JP Observer: Walking the Walk and Talking the Talk: JP Historical Society Does Both—and More

Riddle: What’s a special sign it’s spring in Jamaica Plain?

Answer: You start seeing groups of people touring parts of the neighborhood on Saturday mornings. You might even be one of tourists.

The Jamaica Plain Historical Society (JPHS) is in its 26th year of conducting free historical walking tours, usually from mid-May through mid-September on Saturday mornings. This year, almost 30 tours are planned, including walks in othese areas: Green Street, Hyde Square, Jamaica Pond, Monument Square, Stony Brook (area near the T station), Sumner Hill and Woodbourne. Two years ago, Spanish-speaking guides started leading additional tours of Hyde Square and Stony Brook in Spanish.

JPHS even managed to do tours starting in July last summer when covid guidelines were strict, President Gretchen Grozier said in an interview earlier this month. Typical of group’s creativity and resourcefulness, they used more guides than usual, divided into smaller groups, and the guides had small, portable sound systems so everyone could social distance in their masks.

For a map of JP showing its sub-neighborhoods, see the Jamaica Plain Gazette home page. That will bring up a double riddle: Why are two areas of JP called “Stony Brook” and “Stony-brook,” and where are they located? Which one has the tour?

JPHS, voted Best Neighborhood Group by Gazette readers in 2017, is “one of the most active” historical societies around, Grozier confirmed. Founded in 1987, its incredibly helpful website was created by Charlie Rosenburg in 1997 and is still managed by him, with Grozier and others contributing. The noted website,, offers detailed information about JPHS walks and events and how to attend them as well as how to submit historic photos and articles about JP.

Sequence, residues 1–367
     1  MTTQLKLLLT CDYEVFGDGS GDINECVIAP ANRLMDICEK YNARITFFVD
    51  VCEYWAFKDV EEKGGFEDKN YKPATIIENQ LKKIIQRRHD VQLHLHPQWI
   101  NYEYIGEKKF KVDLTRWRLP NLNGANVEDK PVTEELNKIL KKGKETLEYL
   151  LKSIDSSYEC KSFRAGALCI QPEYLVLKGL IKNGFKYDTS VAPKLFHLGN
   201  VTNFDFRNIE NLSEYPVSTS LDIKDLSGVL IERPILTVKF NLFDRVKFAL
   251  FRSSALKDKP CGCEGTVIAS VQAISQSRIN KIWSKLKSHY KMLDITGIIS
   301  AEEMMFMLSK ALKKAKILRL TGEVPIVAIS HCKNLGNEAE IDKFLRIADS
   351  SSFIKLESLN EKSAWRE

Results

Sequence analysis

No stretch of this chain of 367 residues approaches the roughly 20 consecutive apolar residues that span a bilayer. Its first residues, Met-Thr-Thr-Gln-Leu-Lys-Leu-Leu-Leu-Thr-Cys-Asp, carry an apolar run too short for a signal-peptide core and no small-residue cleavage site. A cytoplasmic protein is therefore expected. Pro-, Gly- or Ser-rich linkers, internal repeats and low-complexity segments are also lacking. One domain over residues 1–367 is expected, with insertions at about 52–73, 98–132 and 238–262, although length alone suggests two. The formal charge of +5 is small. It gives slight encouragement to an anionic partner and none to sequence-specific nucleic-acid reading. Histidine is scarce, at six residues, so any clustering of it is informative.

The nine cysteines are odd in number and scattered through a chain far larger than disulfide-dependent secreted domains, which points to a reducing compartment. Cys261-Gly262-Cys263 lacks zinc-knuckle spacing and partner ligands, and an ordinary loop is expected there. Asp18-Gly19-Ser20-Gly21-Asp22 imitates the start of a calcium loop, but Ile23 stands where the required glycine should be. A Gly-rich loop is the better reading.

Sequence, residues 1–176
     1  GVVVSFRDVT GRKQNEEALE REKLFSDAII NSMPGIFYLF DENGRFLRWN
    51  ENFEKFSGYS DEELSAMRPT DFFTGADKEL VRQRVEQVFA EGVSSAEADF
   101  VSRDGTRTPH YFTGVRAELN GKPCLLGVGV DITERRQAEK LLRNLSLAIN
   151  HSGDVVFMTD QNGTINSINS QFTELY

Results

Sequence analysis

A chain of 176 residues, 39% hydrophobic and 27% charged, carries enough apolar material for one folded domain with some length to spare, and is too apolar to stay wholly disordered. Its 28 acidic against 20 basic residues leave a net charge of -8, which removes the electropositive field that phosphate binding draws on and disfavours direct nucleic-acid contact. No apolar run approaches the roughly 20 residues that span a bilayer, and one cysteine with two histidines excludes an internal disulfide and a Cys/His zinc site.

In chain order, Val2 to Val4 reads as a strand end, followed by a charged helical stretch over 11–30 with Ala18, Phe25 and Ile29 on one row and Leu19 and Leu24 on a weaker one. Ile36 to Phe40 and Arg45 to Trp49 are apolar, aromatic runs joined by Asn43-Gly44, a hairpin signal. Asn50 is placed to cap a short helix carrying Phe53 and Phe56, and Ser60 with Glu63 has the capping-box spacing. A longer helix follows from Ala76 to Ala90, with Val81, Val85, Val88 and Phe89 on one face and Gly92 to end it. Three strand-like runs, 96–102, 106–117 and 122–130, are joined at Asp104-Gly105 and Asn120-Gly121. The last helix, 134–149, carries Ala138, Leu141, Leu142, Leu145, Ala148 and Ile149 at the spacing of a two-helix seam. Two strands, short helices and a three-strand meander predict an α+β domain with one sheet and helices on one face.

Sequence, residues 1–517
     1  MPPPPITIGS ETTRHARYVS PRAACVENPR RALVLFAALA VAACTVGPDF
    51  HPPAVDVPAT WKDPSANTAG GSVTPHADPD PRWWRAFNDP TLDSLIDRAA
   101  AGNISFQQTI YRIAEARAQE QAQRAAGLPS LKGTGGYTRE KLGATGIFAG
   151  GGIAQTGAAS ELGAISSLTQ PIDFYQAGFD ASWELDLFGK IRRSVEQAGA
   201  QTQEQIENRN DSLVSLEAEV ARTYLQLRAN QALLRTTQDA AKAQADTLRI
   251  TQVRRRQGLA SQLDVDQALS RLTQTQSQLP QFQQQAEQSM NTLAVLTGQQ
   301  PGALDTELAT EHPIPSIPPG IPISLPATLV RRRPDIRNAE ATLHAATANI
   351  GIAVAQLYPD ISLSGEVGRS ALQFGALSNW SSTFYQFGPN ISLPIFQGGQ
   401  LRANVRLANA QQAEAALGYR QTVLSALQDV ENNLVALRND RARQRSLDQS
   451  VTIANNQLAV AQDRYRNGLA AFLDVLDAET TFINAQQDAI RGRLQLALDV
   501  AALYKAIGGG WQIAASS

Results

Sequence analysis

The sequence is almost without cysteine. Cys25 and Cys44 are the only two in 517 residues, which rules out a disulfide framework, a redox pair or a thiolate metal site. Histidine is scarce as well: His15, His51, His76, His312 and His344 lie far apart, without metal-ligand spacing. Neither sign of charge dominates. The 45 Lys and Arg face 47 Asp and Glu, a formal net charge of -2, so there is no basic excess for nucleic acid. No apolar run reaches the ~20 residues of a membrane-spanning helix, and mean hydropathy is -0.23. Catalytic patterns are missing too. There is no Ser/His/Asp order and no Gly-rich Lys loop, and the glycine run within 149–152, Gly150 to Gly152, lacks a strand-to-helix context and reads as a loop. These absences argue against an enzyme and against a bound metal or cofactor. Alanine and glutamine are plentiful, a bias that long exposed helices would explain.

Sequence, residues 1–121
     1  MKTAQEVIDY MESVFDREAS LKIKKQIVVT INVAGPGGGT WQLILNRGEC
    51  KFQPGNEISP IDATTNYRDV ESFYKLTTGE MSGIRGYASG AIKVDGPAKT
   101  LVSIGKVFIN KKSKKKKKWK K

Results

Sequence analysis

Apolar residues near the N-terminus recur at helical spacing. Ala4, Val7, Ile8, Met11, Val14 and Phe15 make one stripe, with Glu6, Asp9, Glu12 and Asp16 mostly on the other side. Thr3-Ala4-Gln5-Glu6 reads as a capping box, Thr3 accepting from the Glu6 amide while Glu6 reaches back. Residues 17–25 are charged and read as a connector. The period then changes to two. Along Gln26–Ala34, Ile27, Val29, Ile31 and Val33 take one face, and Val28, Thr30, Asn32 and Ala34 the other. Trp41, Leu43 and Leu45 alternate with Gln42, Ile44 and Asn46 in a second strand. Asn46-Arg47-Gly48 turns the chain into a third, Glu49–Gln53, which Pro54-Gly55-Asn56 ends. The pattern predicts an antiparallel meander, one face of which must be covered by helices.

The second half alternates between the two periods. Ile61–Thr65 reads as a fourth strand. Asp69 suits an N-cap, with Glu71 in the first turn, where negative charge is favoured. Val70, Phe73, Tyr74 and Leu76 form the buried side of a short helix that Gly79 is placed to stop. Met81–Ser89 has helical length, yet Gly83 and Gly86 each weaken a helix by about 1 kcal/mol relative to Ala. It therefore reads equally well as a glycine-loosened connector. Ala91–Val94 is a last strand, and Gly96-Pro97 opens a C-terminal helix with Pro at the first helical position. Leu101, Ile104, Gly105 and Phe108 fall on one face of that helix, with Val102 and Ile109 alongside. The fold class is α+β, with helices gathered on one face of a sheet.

One of the most recent articles is about 3474 Washington Street next to Doyle’s “built sometime between 1874 and 1886 by Isaac Harris Cary, a prominent merchant and real estate developer from Jamaica Plain. The double-frame house, located at the corner of Washington and Gartland Streets, is built in the Gothic Revival style…,” according to author Jenny Nathans. The property is part of a proposed mixed-use development under Small Project Review at the Boston Planning & Development Agency.

The website is entertaining and educational at the same time. A lot of people know this. had 124,000 impressions [looks at specific items on its pages] last year, Grozier said.

History articles are grouped according to three eras, people, locales, transportation and latest items. 

In addition to its other activities, JPHS sends out a monthly newsletter and sponsors historic talks and films.

A film screening of “Borderland—The Life & Times of Blanche Ames Ames” will be next on the plentiful docket of programs of JPHS on June 5. The “artist, activist, builder, inventor, birth control maverick and a leader within the woman suffrage movement in Massachusetts” has an “intriguing connection to JP,” according to the website, which gives information about how to sign up to see it.             

JPHS has also collected archives which are now housed at the UMass/Boston. The Jamaica Plain Gazette, one of many parties to contribute, has donated old photos and history articles, many collected and written by the late Walter Marx, to the archives in the early 2000s.

 JP is definitely lucky to have such a terrific organization to meticulously keep and share neighborhood memories for us. The group has 350 members at the moment and dozens of volunteers, but it has no desk, no phone, no office.

 Grozier, president since 2008, said she is inspired by the “richness of the history, the huge array of people and the historic buildings” in JP. She added she likes that it is “continually changing” and has a “history of activism.” Asked if there is anything she would like to know more about in JP, she said “the indigenous people who lived here.”

   Everyone who is interested in the JP community today and concerned about its future should know about its history. Joining JPHS is an inexpensive good idea. Once again, see the website for more information.

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